Suicide bomber, how do I love thee?

This poem has been difficult to write, choosing the right words not at all easy, and I had feedback from various people before settling on the final version. What else can be said?

It has just been published on the webzine, I Am Not a Silent Poet


Suicide bomber, how do I love thee?

Suicide bomber, who cannot be loved,
Kalashnikov brandishing terrorist,
how did it come to this unholy state?
What poison suckled in your mother’s milk,
passed on in your father’s sperm or spittle,
what lack of gently lilting lullaby
would bring you to swing your sword and behead
a man of charity or journalist?
What want of purpose or identity,
what dread infection breeding in your creed
could make you call the innocent guilty,
execute your brutal, wanton sentence
on the uncomprehending evening streets,
the crowded café, market, concert hall?

Not only hideous die-hard anger
of your contorted ideology
drip, drip, dripped into the harsh terrain
of the uncompromising heart and mind;
not only the churning, callous ferment
of alienation’s cancerous growth,
the resentment festering in your guts,
but some measure of each of these, then more.
How did it come to this unholy state
that some god or prophet could call ‘divine’
the grim wreaking of havoc and of pain,
the merciless snatching of cherished life?
The love you cannot know you sacrifice
and fool yourself with presumed Paradise.
© David Urwin 2015



About jadedmountain

I am a poet, living a rural life in south-west Wales. The purpose of this blog is to publicise my poetry.
This entry was posted in poetry, war poems and tagged , , , . Bookmark the permalink.

5 Responses to Suicide bomber, how do I love thee?

  1. Anne Marie Butler says:

    heart-felt double sonnet with an essential question repeated –
    ‘how did it come to this unholy state? ‘
    you appeal to the terrorist , especially in the final couplet , referring to his/her mistaken martyrdom ,a misconstrued ideology.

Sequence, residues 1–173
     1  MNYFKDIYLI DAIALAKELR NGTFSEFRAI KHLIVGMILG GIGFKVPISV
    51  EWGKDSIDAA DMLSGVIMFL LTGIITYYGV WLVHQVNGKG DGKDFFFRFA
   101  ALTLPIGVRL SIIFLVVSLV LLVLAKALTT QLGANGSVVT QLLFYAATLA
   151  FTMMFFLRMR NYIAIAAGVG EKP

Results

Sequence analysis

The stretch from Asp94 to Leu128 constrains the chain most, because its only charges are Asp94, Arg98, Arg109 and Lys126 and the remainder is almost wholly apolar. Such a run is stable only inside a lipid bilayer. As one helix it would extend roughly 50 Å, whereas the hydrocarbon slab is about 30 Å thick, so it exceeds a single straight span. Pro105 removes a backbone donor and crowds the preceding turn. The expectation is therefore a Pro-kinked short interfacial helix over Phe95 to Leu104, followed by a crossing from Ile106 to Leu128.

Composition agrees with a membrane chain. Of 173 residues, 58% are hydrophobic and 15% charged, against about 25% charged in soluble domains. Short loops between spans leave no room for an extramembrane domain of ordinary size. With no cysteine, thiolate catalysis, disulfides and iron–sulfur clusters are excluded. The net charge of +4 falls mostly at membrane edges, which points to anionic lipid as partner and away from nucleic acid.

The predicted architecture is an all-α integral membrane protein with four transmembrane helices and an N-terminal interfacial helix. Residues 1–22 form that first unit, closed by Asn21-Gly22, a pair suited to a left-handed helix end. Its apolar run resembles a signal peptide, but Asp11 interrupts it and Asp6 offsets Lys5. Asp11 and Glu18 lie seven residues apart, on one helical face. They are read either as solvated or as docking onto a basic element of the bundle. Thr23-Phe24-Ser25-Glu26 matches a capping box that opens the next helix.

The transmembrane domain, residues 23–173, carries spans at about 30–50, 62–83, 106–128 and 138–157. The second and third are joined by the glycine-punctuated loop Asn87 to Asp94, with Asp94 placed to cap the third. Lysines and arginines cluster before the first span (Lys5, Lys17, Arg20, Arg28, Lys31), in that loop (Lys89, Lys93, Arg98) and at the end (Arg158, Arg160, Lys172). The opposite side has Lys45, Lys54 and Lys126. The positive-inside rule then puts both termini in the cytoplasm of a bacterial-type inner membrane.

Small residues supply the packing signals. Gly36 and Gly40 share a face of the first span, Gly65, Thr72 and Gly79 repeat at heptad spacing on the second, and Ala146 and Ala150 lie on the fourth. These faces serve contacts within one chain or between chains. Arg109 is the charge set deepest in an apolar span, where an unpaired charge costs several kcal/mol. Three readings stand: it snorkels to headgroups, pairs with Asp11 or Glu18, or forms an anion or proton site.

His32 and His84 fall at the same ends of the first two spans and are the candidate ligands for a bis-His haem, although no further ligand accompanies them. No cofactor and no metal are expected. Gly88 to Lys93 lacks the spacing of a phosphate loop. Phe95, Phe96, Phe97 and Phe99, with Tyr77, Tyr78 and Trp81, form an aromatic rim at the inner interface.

needed to be published with ‘you ain’t no muslim bruv ‘ currently in focus here.

    Liked by 1 person

  2. franca says:

    Have just read it but don’t really know what to say about this poem. Also need to translate some words that I do not know. Maybe it’s not worth to write a poem about a suicide bomber, or maybe it is… I let you with the question.


  3. I felt the emotion of the questions you ask via this poem – the ones that will never be answered which thusly give us no solace. Anyone who’s experienced such an act can connect with this.

    Thanks for writing.


    • Thank you for your interest in this. It seems you have reflected in your own blog the difficulty of understanding the power,and problems of dealing with, deadly ideas, which was interesting to me, who is someone who would call himself an ‘agnostic pacifist’, maybe. All kinds of killing/war seem crazy to me, but it is how humanity attempts (unsuccessfully, or at least at great cost in innocent lives) to sort out problems of resources, religious disagreement etc.
      There are simply no answers, only questions, it seems. Did you see my poem, ‘In the Name of the Father’, also on my blog?


      • I have not seen it, but I will look for it now.

        And you are correct – There really are no answers. I find now a days discourse can solve a lot of issues. But we humans… to use a line from my favorite lyricist, “..silly humans, where there’s one, they’re bound to cut it right in two…”


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